The Beginner’s Guide to Anime, No. 114 – World Trigger

World Trigger 1

Continuing to look at anime adaptations of the most popular manga magazine, Weekly Shonen Jump, this week we look at one of their more recent efforts.

World Trigger is a sci-fi series, the manga having begun in 2013 by Daisuke Ashihara. The anime began a 50-episode-long adaptation that started in October 2014 and is therefore thus still going, made by Toei Animation. It is a series that takes a lot of action and battles, and mixes it with complex issues such as xenophobia. However, the anime has had some issues in terms of quality.

The story is set in the fictional Mikado City, where four years prior it was attacked by otherworldly beings known as “Neighbours” – or “Neighbors” as it is spelt in all the translations because that is all done in America (we’ll stick to the UK spelling). Normal weapons do not harm them, but a group of people is able to fight them off using special weapons called “Triggers” which are made out of a form of energy called “Trion”. This group forms an organisation called “Border” to protect Mikado City from Neighbours.

Bespectacled student Osamu Mikumo secretly works for Border as a lowly C-rank agent, but has no natural talent for the job. Things begin to change when a strange, short, white-haired, black-ring-wearing boy transfers to his class named Yuma Kuga. The two soon form a friendship, but then a Neighbour attacks and Osamu tries to fight it. He fails, but then is shocked to see that Yuma is able to defeat it. Yuma then reveals the truth: the monsters are not Neighbours but are drone “Trion Soldiers” sent by Neighbours. Yuma knows this for he himself really is a Neighbour, and even has a mini Trion Soldier of his own; his chaperone Replica.

Yuma comes from one of the world’s in the “Neighbourhood” that are at seemingly constant war with each other, and his ring a powerful “Black Trigger”, which can also give the user a powerful “Side Effect” – in Yuma’s case he can tell when people are lying. For having saved his life, Osamu tries to keep Yuma’s identity secret, but it is not long before they are rumbled and Yuma is the subject of internal politics at Border between those who want to simply eliminate all Neighbours, those who think it might be better to establish relations with them, and those who just want to protect Mikado City.

Eventually Osamu and Yuma join a branch of Border which believes it is best to work with the Neighbours rather than just kill them. Together they work under the brilliant Black Trigger user Jin Yuichi, whose Side Effect allows him to see into the future. They also recruit a friend of Osamu’s into their group, a young girl named Chika Amatori who happens to possess huge amounts of Trion. Thus they unite and train up in order to prepare themselves for future battles against Neighbours planning full scale attacks.

As mentioned in last week’s column on Gintama (No. 113), part of the reason for looking into these series is to see if any are likely to become as massively popular as other Shonen Jump series that are soon to end. The answer to whether or not World Trigger will do this is in my opinion: “It should do, but it probably won’t.”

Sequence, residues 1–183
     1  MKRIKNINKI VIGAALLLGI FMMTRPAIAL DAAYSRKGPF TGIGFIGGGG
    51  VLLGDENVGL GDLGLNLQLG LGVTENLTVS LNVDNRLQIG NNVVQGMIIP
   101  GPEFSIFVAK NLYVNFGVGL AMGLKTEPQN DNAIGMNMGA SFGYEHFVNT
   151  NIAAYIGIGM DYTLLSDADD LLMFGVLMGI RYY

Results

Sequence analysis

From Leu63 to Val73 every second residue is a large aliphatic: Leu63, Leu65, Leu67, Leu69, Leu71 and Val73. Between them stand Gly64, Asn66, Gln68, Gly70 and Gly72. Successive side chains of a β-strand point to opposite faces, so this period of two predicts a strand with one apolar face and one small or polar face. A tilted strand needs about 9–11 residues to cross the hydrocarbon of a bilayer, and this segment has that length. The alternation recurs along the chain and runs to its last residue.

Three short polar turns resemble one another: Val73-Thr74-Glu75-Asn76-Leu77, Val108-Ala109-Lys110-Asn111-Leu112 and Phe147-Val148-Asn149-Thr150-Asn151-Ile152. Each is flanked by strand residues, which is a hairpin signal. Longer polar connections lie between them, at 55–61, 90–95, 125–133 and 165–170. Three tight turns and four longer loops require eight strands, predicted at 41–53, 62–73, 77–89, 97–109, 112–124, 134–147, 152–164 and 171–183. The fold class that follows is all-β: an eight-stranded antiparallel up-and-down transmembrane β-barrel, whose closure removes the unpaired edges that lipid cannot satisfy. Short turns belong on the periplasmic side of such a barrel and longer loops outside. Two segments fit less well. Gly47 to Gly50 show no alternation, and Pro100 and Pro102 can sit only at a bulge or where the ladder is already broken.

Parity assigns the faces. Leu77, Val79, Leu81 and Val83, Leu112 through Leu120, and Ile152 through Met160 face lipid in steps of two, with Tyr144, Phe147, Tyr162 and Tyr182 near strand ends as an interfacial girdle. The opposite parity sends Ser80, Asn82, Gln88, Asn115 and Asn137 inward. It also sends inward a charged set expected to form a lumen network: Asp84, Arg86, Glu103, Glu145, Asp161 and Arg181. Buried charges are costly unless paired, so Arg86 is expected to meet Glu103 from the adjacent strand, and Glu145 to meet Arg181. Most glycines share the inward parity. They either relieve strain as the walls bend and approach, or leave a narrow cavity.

The reason why it should do is because it contains many of the same elements you find in Shonen Jump’s current “Big Three” manga titles of One Piece (No. 6), Bleach (No. 15) and Naruto (No. 95). For example, it features big battles, you have the ever expanding range of characters, the slowly developing plot leading to bigger situations in the future, and the leads are enjoyable – you have Osamu as the kid with no natural talent but willing to give it his all to prove he can just as useful as anyone else, and then you have Yuma who looks weak at first but is actually much stronger and smarter than just about everyone else in the series. Not only that, but the basic situation seems to fit the mould set by the original Big Three. One Piece covers pirates; Bleach covers the supernatural and grim reapers; and Naruto covers ninjas. World Trigger’s sci-fi setting and attacks from other worlds would seem to be the ideal.

However, while the manga contains all of this, and is both drawn and written very competently by Ashihara, the anime version by Toei Animation has been made unbelievably shoddily and cheaply. I have known anime reviewers that have simply given up on it because they thought the animation was too awful for them: either a character’s eyes are too far apart or close together, their smile looks a bit weird, or their chin is drawn on in such an appalling way.

It is not just that the animation is sometimes bad, but you can tell that Toei is doing anything to cut costs. For example, nearly every episode begins with about two or three minutes explaining first the overall setting, and then the current plot, thus eating time into the show. Also, while most anime series often have 90-second-long opening and another 90-second-long ending, World Trigger has just one title sequence, right in the middle of the episode, meaning that they cut costs by merging the two together. World Trigger is also not an isolated incident. They recently made the new anime adaptation of Sailor Moon (No. 63), and there have been complaints that this series has also been poorly made.

I am a big fan of the original manga, and I think that the quality of the animation has picked up a bit recently, but much of the damage has already been done. I fear that World Trigger is a brilliant series that has been badly let down.

World Trigger is available to stream via Crunchyroll.

EDIT: In March 2016 it was sadly confirmed that the anime would be ended.

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